[PHILOS 7] - Midterm Exam Guide - Everything you need to know! (12 pages long)

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Santa Monica College
PHILOS 7
MIDTERM EXAM
STUDY GUIDE
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A.S.
[2/17/16]
INTRO and CH 1.1
INTRODUCTION
What is philosophy?
- Philosophy:
- philosophy = philos (love) + sophos (wisdom)
- philosophers = lovers of wisdom
- Greek time(s) to 17th/18th centuries, anyone who pursued knowledge = philosophers
- diff. disciplines (psych, chem, physics) broke off
- “lover of wisdom” = no longer enough to distinguish a philosopher
What is the break down of philosophy?
(1) critical evaluation of the justification of human beliefs
(2) analyze the concepts and terms we use express these beliefs
- these two go hand in hand
What is a basic belief? What do basic beliefs have to do with philosophy?
- Basic belief: a belief other beliefs are dependent on
- truths or falsity affect the other beliefs that depend on it
(ex): belief in God
- philosophers are interested in why certain beliefs are here
- once justification is given, logical analysis can take place
- philosophers look for similarities between diff. beliefs
- all beliefs are analyzed without bias
- analyzing beliefs = important; all beliefs have consequences
(ex): A child dies because his parents refuse to give him a transfusion due to religious beliefs
- logically analyzing arguments = important to think critically about them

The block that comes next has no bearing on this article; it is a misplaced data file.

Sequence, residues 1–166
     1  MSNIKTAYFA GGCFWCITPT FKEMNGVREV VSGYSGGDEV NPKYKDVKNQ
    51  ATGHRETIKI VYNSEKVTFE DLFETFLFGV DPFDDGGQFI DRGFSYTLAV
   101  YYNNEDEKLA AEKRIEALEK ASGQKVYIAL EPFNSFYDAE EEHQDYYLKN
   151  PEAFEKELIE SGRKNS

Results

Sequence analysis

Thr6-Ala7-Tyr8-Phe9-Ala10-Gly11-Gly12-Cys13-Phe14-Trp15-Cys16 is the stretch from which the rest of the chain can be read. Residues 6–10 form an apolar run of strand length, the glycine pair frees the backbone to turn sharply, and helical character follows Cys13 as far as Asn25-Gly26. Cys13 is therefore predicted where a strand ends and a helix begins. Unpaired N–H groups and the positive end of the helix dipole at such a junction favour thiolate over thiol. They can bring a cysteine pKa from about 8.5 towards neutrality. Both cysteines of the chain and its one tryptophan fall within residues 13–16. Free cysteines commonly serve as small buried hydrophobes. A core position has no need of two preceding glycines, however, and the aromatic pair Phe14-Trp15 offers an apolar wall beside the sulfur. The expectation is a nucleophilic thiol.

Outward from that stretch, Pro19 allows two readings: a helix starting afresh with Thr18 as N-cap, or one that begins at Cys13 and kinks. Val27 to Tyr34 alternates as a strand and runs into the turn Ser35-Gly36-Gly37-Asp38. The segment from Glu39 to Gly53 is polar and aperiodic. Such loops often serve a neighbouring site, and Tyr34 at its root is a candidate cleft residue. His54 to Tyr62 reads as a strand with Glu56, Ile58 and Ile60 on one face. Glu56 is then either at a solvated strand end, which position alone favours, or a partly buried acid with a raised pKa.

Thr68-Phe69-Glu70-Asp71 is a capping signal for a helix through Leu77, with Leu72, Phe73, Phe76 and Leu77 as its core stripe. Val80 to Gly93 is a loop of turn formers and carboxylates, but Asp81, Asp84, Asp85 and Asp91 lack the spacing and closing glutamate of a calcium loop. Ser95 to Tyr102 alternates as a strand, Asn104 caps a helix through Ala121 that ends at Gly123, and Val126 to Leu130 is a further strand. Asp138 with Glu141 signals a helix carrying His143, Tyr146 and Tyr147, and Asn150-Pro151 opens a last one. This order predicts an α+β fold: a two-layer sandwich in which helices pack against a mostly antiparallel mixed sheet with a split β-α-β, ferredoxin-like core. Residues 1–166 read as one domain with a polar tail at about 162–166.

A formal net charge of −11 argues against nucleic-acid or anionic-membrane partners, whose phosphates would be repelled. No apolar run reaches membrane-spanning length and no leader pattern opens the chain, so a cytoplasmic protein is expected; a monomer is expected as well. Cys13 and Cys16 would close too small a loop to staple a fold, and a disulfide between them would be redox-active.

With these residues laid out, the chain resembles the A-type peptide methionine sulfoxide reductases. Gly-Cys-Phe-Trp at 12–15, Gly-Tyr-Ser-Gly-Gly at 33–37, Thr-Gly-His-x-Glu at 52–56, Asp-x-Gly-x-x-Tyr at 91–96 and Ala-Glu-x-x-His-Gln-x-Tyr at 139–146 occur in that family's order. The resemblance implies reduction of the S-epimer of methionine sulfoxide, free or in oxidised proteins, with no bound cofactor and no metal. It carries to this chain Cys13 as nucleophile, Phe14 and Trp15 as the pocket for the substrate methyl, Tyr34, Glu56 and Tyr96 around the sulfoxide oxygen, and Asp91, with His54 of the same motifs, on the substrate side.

- thinking critically = control over your own beliefs
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CHAPTER 1
What is logic? What are arguments? What is a statement? What is truth value?
- Logic: science that evaluates arguments
- purpose of logic = develop techniques that help distinguish good arguments from bad ones
- Argument: a group of statements which (premises/evidence) are claimed to support for one of the
others (conclusion)
- every argument is placed into 2 groups: arguments where premises support the conclusion and
those that don’t
- Statement: a sentence with truth value
- a sentence that is true or false
- Truth value: truth and/or falsity of a statement
What is a premise? What is a conclusion?
- Premise: statements that set forth reasons/evidence; supports conclusions
- there may be more than one premise
- Conclusion: a statement the evidence is supposed to support
- there can only be one conclusion
What are premise indicators? What are conclusion indicators?
* keywords can serve as P or C indicators
- Premise indicators:
- since, in that, as indicated by, because, as, for, given that, for the reason that,..
- Conclusion indicators:
- therefore, so, implies that, we may conclude, for this reason,...
What if some arguments contain no P/C indicators?
- some arguments don’t have indicators
- common pattern in arguments lacking indicators: the conclusion is stated first, and the remaining
statements are premises
How to restructure arguments according to logical principles?
- premises are listed first (P1, P2, P3,...)
- conclusion is listed last
(ex):
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